Nova Guinea, n. s. 9: 31. 1958.
Annuals, 2–20 cm; stolons absent. Stems erect, ascending, or prostrate, sometimes branched near base, hairy. Leaves: basal leaves: petiole 2–13 mm; blade ovate to oblanceolate, 5–30 × 2–15 mm, faces glabrous; cauline leaves: petiole 0–8 mm, ciliate or glabrous; blade obovate to spatulate, 8–30 × 3–20 mm, base long-cuneate, usually ciliate near base, faces glabrous or abaxially hairy along veins, adaxially hairy proximally. Racemes scapose or terminating erect stems, 0.5–12 cm. Pedicels 2–10 mm, hairy or glabrous; bracteoles narrowly triangular, 1–1.5 mm, glabrous. Flowers: calyx 5–7 mm, sparsely hairy, tube 2–3 mm, lobes 3–4 mm; corolla 7–9 mm, tube 4–5 mm, abaxial lobes 3–4 mm, adaxial 2–3 mm. Capsules 2–3 × 1.8–2.2 mm. Seeds 0.4–0.6 × 0.3–0.4 mm. 2n = 40 (Asia).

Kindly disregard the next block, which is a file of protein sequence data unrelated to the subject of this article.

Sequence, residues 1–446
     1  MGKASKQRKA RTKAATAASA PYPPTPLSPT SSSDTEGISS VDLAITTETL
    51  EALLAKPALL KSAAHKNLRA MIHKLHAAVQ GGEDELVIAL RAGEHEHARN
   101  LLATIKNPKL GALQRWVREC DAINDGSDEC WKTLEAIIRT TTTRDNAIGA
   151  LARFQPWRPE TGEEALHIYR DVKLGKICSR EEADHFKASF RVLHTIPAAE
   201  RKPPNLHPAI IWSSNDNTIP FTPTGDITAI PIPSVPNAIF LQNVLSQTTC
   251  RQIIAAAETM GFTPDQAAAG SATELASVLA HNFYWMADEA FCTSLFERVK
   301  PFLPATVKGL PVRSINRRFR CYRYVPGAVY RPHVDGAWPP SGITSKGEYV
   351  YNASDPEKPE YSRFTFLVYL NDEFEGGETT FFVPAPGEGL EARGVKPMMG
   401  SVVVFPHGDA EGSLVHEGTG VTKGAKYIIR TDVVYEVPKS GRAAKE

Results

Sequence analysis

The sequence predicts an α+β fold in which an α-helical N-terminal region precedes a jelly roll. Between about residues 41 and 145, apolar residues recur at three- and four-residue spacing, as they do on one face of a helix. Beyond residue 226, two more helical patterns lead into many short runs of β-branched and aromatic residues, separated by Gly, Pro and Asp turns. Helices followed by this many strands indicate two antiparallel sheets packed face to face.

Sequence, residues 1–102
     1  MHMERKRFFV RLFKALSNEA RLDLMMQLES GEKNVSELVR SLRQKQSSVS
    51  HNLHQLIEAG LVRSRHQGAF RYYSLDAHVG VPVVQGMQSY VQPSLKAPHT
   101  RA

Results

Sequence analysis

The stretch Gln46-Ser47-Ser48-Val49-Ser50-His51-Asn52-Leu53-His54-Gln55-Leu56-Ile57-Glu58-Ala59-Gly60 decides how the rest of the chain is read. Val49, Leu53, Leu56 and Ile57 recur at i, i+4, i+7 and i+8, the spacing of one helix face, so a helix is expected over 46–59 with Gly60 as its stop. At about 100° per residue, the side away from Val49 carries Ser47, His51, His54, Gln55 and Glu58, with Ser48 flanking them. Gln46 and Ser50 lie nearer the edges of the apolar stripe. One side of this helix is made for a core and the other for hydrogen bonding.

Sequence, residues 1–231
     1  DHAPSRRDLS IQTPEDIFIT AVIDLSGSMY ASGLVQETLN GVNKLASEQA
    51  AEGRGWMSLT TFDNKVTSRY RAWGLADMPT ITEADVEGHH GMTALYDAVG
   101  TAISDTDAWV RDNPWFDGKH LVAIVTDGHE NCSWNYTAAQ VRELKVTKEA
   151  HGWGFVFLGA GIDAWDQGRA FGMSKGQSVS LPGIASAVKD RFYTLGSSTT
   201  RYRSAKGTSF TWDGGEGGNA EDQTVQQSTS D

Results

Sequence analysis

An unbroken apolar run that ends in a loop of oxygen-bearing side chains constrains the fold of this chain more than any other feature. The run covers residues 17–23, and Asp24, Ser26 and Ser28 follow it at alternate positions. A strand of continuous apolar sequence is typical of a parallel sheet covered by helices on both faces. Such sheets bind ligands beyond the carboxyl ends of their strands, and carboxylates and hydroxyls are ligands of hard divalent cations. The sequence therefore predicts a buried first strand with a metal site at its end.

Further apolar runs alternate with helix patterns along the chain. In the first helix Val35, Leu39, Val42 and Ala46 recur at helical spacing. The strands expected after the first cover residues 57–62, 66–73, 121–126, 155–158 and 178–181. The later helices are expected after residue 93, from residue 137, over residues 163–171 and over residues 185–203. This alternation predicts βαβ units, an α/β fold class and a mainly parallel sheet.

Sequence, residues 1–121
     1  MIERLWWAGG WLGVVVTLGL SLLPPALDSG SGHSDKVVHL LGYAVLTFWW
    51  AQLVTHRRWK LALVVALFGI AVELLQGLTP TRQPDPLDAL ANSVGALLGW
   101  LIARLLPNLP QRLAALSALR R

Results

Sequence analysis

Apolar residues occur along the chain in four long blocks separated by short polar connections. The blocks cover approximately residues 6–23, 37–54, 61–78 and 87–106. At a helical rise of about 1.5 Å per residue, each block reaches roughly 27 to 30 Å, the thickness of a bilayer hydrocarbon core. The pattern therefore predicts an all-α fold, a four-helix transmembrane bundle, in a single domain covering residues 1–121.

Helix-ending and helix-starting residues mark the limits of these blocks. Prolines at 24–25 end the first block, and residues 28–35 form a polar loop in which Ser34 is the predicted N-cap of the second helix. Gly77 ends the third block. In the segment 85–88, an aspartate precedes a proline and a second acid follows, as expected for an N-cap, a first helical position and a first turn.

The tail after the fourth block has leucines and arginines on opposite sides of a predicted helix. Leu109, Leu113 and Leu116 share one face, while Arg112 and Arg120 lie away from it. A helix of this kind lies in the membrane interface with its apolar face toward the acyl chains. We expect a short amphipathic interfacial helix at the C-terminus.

Phenology: Flowering spring–fall.
Habitat: Lawns, roadsides, stream banks, lakeshores, shady, moist areas.
Elevation: 0–700 m.
Introduced; Ala., Ark., Del., D.C., Fla., Ga., Ill., La., Mass., Miss., Mo., N.Y., N.C., Ohio, Okla., Oreg., Pa., S.C., Tenn., Tex., Va., Wash., W.Va., Wis., e Asia, introduced also in Central America, South America, Europe, Africa, Australia.
The description and illustration of the type by Burman do not seem to match this species. Steenis examined specimens used by Burman and determined that they are indeed referable to Mazus pumilus; his combination has priority over M. japonicus.